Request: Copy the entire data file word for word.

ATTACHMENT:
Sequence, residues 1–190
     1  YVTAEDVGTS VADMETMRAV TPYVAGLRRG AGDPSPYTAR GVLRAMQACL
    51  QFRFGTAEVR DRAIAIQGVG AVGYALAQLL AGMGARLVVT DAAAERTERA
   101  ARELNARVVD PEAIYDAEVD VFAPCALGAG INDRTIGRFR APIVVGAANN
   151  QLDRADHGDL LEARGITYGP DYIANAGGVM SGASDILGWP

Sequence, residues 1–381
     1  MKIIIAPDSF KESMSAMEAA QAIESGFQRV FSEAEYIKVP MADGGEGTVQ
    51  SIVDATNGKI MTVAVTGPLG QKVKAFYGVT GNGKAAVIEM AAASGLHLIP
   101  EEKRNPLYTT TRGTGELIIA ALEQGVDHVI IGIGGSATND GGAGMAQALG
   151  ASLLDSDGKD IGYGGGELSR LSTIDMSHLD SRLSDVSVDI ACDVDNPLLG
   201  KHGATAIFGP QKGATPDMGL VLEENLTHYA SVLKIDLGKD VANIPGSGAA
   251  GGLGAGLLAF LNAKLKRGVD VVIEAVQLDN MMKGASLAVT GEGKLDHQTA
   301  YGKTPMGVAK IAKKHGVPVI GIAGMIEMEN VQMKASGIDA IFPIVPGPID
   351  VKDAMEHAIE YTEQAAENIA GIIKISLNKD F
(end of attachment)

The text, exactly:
Sequence, residues 1–190
     1  YVTAEDVGTS VADMETMRAV TPYVAGLRRG AGDPSPYTAR GVLRAMQACL
    51  QFRFGTAEVR DRAIAIQGVG AVGYALAQLL AGMGARLVVT DAAAERTERA
   101  ARELNARVVD PEAIYDAEVD VFAPCALGAG INDRTIGRFR APIVVGAANN
   151  QLDRADHGDL LEARGITYGP DYIANAGGVM SGASDILGWP

Sequence, residues 1–381
     1  MKIIIAPDSF KESMSAMEAA QAIESGFQRV FSEAEYIKVP MADGGEGTVQ
    51  SIVDATNGKI MTVAVTGPLG QKVKAFYGVT GNGKAAVIEM AAASGLHLIP
   101  EEKRNPLYTT TRGTGELIIA ALEQGVDHVI IGIGGSATND GGAGMAQALG
   151  ASLLDSDGKD IGYGGGELSR LSTIDMSHLD SRLSDVSVDI ACDVDNPLLG
   201  KHGATAIFGP QKGATPDMGL VLEENLTHYA SVLKIDLGKD VANIPGSGAA
   251  GGLGAGLLAF LNAKLKRGVD VVIEAVQLDN MMKGASLAVT GEGKLDHQTA
   301  YGKTPMGVAK IAKKHGVPVI GIAGMIEMEN VQMKASGIDA IFPIVPGPID
   351  VKDAMEHAIE YTEQAAENIA GIIKISLNKD F